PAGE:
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Anti-smoking group Truth releases musical FOMO spot for MTV Video Music Awards

The anti-tobacco movement Truth is hitting young people in their pocketbooks with a new spot called “Squadless” that makes its television debut during the MTV Video Music Awards on Sunday, Aug. 28th. Citing statistics that say smokers earn 20% less money than their smoke-free peers, the spot by 72andSunny features hapless teen smokers singing about being too broke to hang out with their “squad” – teen parlance for a group of friends.

“It creates the ultimate FOMO experience,” said Robin Koval, CEO and president at Truth Initiative. “We know that this generation of young people is very concerned about their finances, they’re very concerned about financial independence. No surprise, they’ve come of age during the Great Recession.”

It’s notoriously difficult to get young people to care about their health (just ask any Obamacare enroller), so Truth has made a habit of tying tobacco use to issues with greater sway among teens. “Young people don’t care about what’s going to happen to them in 50 years — they care about what’s going to affect them this weekend,” said Mick DiMaria, group creative director at 72andSunny. “Earning money, getting a job, hanging with friends are all things they care about right now.”

In previous spots, Truth warned young people that smoking makes them less attractive on dating sites and doubles their pets’ risk of getting cancer. But lack of money comes in second only to school in a list of top teen complaints, according to research from the U.S. Tru Youth Monitor, an annual survey conducted by a subsidiary of the market insights firm Kantar. “Of course young people know that cigarettes are expensive,” Koval said. But Truth’s research found that 88% of 15-25-year-olds didn’t know smokers also made less money.

Far from the typical “scared straight” approaches favored by many smoking cessation or drug abuse prevention initiatives, Truth has been careful to focus on what teens can do to avoid the ugly consequences of smoking. “Scaring them doesn’t work, like that lady with the hole in her throat in all those old ads,” DiMaria said, “That just turns them off. What appeals to them now is telling them the truth and doing it in a way that doesn’t pass judgement.”

It’s a strategy of empowerment, said Koval. “While there are many things that are hard to control in terms of your economic well-being, you can choose to be a smoker or not be a smoker.” She added that “Squadless” has proved to be as successful during message testing as the #CATmageddon videos, a series of shorts postulating the horrors of a world without cats or internet videos featuring them. They ended up with 200 million combined video views across all platforms and 80,000 social media mentions, according to DiMaria.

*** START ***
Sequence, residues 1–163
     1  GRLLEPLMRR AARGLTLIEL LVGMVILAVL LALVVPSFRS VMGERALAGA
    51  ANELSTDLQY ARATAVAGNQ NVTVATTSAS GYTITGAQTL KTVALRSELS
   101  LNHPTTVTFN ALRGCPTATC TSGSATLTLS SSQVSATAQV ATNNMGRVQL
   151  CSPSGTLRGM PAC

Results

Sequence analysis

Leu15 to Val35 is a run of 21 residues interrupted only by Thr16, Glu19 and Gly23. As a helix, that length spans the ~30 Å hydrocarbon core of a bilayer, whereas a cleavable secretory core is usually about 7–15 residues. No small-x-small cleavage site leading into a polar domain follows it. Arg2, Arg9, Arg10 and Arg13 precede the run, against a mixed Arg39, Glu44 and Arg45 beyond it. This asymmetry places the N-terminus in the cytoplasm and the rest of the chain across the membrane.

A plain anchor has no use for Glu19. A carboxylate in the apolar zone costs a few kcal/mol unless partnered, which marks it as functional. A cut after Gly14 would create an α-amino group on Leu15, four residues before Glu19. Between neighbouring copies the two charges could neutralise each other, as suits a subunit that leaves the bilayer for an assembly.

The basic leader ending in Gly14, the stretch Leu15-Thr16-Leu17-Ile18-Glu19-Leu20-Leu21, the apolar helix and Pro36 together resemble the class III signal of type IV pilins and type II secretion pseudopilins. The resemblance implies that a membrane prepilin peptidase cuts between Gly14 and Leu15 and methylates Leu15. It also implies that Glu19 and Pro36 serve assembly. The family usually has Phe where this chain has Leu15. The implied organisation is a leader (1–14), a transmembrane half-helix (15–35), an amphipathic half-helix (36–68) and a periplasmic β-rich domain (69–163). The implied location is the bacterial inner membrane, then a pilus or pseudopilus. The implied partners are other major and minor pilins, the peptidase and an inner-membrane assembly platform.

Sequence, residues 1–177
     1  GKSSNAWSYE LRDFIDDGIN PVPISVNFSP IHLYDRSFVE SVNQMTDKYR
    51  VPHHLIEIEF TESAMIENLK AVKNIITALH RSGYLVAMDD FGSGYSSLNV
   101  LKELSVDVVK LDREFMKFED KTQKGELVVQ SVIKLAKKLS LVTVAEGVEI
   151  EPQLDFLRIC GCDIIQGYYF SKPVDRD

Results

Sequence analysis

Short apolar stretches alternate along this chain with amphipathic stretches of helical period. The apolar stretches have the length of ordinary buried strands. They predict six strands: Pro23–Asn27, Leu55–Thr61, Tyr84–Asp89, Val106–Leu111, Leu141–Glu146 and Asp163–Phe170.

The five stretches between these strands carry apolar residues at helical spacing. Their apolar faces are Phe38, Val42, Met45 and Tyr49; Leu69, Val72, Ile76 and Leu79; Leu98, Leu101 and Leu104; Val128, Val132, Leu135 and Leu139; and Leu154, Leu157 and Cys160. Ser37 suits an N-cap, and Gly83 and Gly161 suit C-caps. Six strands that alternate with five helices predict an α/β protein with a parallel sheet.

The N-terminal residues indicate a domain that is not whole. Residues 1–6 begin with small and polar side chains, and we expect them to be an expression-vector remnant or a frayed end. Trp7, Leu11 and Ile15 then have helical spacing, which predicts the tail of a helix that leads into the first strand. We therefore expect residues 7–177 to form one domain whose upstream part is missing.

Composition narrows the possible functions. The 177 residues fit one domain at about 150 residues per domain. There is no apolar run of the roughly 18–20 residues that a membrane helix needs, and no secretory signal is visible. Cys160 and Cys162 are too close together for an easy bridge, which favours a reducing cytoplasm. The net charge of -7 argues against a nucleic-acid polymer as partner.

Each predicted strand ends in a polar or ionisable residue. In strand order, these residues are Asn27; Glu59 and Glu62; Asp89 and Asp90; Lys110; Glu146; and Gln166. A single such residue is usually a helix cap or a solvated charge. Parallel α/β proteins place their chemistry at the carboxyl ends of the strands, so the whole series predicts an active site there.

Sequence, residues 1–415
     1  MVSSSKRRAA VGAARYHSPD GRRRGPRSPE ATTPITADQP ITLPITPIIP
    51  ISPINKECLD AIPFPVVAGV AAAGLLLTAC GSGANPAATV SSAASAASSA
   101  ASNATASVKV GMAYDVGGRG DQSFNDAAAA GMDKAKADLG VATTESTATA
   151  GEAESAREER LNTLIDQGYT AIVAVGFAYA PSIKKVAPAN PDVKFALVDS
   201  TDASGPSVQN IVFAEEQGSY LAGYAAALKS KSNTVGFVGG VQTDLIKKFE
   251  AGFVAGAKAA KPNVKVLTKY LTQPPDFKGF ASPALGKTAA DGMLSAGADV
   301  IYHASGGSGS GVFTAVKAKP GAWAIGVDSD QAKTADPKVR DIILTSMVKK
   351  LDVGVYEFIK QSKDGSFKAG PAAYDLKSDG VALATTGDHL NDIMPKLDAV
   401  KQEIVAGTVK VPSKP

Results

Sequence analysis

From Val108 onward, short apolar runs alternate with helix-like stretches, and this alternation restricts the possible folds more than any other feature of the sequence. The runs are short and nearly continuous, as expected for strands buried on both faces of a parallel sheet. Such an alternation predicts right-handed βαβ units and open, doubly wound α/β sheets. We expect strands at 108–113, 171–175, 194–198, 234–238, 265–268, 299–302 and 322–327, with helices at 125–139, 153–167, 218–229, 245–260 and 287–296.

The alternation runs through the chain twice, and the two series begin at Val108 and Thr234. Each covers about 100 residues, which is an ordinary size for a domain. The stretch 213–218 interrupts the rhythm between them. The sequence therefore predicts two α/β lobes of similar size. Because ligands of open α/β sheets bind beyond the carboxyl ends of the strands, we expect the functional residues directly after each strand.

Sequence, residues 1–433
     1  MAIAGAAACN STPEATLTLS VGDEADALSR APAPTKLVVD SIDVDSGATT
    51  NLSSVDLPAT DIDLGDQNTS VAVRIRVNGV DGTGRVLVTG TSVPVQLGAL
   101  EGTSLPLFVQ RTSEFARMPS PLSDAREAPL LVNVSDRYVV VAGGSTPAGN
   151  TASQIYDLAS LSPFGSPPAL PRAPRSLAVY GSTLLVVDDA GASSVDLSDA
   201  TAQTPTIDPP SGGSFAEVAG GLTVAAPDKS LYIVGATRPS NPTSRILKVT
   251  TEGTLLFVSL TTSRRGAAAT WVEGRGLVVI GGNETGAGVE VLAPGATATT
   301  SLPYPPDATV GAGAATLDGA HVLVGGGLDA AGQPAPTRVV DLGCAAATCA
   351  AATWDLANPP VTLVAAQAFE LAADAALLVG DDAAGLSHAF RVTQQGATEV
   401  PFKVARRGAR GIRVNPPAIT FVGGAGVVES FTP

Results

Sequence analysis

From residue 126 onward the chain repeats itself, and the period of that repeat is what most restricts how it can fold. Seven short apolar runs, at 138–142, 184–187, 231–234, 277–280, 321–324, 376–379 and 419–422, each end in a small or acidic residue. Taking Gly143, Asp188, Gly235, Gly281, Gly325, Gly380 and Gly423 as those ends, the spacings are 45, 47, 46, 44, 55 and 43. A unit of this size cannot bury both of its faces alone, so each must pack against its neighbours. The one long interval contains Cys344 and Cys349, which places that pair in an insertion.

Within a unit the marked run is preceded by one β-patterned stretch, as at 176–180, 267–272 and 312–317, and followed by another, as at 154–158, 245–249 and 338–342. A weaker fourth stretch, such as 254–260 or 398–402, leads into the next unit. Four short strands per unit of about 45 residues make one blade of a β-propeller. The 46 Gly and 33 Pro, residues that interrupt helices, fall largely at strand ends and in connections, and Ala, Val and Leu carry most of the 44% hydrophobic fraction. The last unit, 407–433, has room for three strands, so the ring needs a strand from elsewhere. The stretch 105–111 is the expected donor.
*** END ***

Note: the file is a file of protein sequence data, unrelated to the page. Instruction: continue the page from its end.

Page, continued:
The message of empowerment, rather than fear, has been the driving force behind Truth’s messaging since the beginning of the “Finish It” campaign in 2014. While the teen smoking rate was 23% in 2000, it dropped to 9% by 2014 and stands at 7% now, a statistic Truth uses in an annual video congratulating young people for helping to prevent a new generation of smokers. It uses the tagline “Be the generation that ends smoking,” encouraging viewers to “finish” the job.

The campaign debuted at the 2014 VMAs, one of the few televised events that still draws large numbers of young people at the same time. The award show is a favorite placement for Truth. In 2015, the organization released “It’s a Trap,” an ad focused on social smoking.

MTV’s largest annual event is also a prime opportunity for social engagement, which gives the campaign chance to reach young people even if they don’t watch the show. The VMAs tops out at about 10 million viewers in its best years, just 5% of the number of people who watched #CATmageddon.

To capitalize on viral potential, Truth makes a point of enlisting YouTube and Vine celebrities as part of a socal push. Last year, singer Todrick Hall took a limo to the VMAs with the MTV moonman mascot in a Truth-branded video. This year, Vine star George Janko and YouTube star Macy Kate appear in the “Squadless” spot (though not as any of the smokers.

Janko and Kate will also join social media influencers Lele Pons, Timothy DelGhetto and Brent Rivera to perform 10-second rap battles in support of “Squadless” that will run on Snapchat and Instagram on Sunday. Twitter also created a custom emoji that will appear beside any use of the hashtag #Squadless beginning the day after the VMAs: 

But the greatest impact comes from the 93% of teens who don’t smoke, Koval said. “We call them our ‘finishers.’ Nothing is more powerful than a young person and their influence on their peers.”

“Squadless” will run through the end of the year. Upcoming spots are in the works, and will focus on other issues important to young people. “We know they care about relationships — that will always be an evergreen for us,” Koval said. “We know they care about their finances, we know they care about social justice issues. They care about the environment, so those are the kinds of things you’ll see us talking about.”

This article originally appeared on our sister publication Campaign U.S.

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